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Frog Holler
Zo Bird Records

I feel pretty proud. It's not everyday you discover a young band that makes you immediately stop in your tracks and want nothing more than to hear more music from that particular band. That's how it was when I first heard Frog Holler's "Sleepy Eyes". I was immediately entranced. I felt that the EP that the song was taken from was a very good starting point for the band, and I hoped that as they continued to write and record that they would head in a certain direction, improving on their country roots, neglecting a bit of the rock ethos that was hidden in their songs. I'm very happy to announce that the next record from Pennsylvania's Frog Holler has arrived, and while it is not all country, the rock has developed into a far purer form and has gained Frog holler its own distinctive identity. This is Haywire, and it is filled to the top with alt-country goodness… one hundred percent, my friends. That's good stuff.

"Hades" kicks the album off in the same sure-fire way that "Berks County Boy" started off The High, Highs & The Low, Lows… that is with a good amount of dark distortion and low-tempo drums that force the strong lyrics right into your ears, leaving no possible avenue of escape. "How come there's Heaven for us, bit not til we die/ Meanwhile there's Hades for us while we're alive"… all over a bed of sonic goodness that would make Jay Farrar proud. Thus begins an album of songs that question the deeper meanings of life and the relationships with which life is infested. "One Last Time" continues the musical onslaught with a barrage of excellently played guitar leads and slide licks that stand up to just about anything out there in current music. Hammond organ gives "Pepper & Salt" a bit of a gospel feel, but overwhelmingly begins the album's tendency to a sound more like the Connells than any contemporary group. The same deeply penetrating understanding fills the lyrics of Darren Schlappich as those of Mike Connell in his finest moments; brief and unrelenting observations on humanity and the forces that shape a life.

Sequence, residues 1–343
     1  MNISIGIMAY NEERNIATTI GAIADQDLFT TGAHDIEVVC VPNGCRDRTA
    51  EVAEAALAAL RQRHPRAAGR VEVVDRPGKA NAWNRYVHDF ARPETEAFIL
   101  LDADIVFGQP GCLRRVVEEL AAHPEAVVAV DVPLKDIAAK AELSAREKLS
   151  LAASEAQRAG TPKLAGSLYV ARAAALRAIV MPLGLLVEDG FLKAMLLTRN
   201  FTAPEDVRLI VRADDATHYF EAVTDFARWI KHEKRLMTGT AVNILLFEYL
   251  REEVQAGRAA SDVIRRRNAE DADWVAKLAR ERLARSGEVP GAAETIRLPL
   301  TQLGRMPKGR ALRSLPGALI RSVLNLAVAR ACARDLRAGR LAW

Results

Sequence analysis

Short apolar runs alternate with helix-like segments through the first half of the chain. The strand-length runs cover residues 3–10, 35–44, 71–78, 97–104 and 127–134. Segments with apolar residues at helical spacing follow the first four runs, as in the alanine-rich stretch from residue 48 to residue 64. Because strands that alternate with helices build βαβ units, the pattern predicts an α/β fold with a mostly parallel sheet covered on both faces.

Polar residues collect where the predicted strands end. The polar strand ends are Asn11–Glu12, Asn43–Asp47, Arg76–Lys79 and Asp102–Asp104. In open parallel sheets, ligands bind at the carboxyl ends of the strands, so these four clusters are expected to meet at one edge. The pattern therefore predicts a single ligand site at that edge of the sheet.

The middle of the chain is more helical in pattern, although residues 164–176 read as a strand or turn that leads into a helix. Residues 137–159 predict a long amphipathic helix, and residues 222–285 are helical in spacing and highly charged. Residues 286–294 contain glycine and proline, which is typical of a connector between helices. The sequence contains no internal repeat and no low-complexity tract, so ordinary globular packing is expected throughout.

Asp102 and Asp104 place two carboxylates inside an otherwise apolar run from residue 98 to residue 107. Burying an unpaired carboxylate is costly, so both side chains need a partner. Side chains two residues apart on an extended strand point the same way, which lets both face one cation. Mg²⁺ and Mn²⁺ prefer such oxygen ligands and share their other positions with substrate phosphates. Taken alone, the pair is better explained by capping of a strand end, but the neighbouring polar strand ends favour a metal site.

"Terms And Conditions" finds Frog Holler breaking into the bluegrass style that first made me fall in love with them. Rolling banjo licks and crisp acoustic guitars underscore the brilliant harmonies of the band as they gallivant through one of the liveliest tracks on the record. For softer bluegrass music, check out the smooth "Ben Franklin's Blues" a bit later on the album, but don't forget to ponder the odd childhood story told in "'74" to an extremely beautiful and heavily dynamic musical accompaniment. This is one of my favorite tracks on the record, by far, as it really showcases not only what the band can do musically, but what Schlappich can really pull off vocally when the lyrical content gets profoundly personal. Great steel work pins the witty lyricism of "On Winter Blues", while banjos and acoustic guitars make a soft bed for the title track and its observations on life: "How can you really say this is the only way to live and die?/ because if we've learned a lot, we forget a lot/ keep repeating it and never stop for signs and I decided/ if you can sin everyday and still in the end be saved and see the light/ why wouldn't I?" The song ends up with a noisome blast of energy (and cool guitar leads) that accompanies the chant "No, we won't see eye to eye."

"Sight Unseen" takes a bit more abstract approach to its introduction, slowly incorporating all the instruments and then bursting into a rocking tune filled with excellent lyrics and a really captivating guitar line that leads through the song like a thin rope leading home in the dark. As mentioned before "Ben Franklin's Blues" is a soft, bluegrassy tune that relaxes me back into my chair, eliciting smiles and comfort immediately. "Gwendolyn Brown" borrows some guitar bits from sources as varied as The Beatles and Son Volt to tell it's darkly brooding story with amazing turns of lyric that lead in a distinctly Neil Young type of way. The album ends with the trudging bluegrass of "Rat Race". This tune makes a host of informative observations on modern life and then makes a sudden change into a more lighthearted and hopeful music laced with possible answers for the problems that we, as modern city-dwelling humans, encounter every day. And for a band to not only give you some questions, but present possible answers to some of life's daily conundrums, is a wonderful and rare thing.

My most honest desire is for each of you that enjoys well written, well played lower key rock music or alt-country to go right now to CDBaby or some local record shop and find your very own copy of Haywire. You will be blessed with the same peace of mind and good feelings that I hold inside my heart thanks to the music contained therein. Long live rock… er, country… whatever.

-Embo Blake

Track Listing:
1. Hades
2. 2. One Last Time
3. Pepper & Salt
4. Terms And Conditions
5. '74
6. On Winter Blues
7. Haywire
8. Sight Unseen
9. Ben Franklin's Blues
10. Gwendolyn Brown
11. Rat Race

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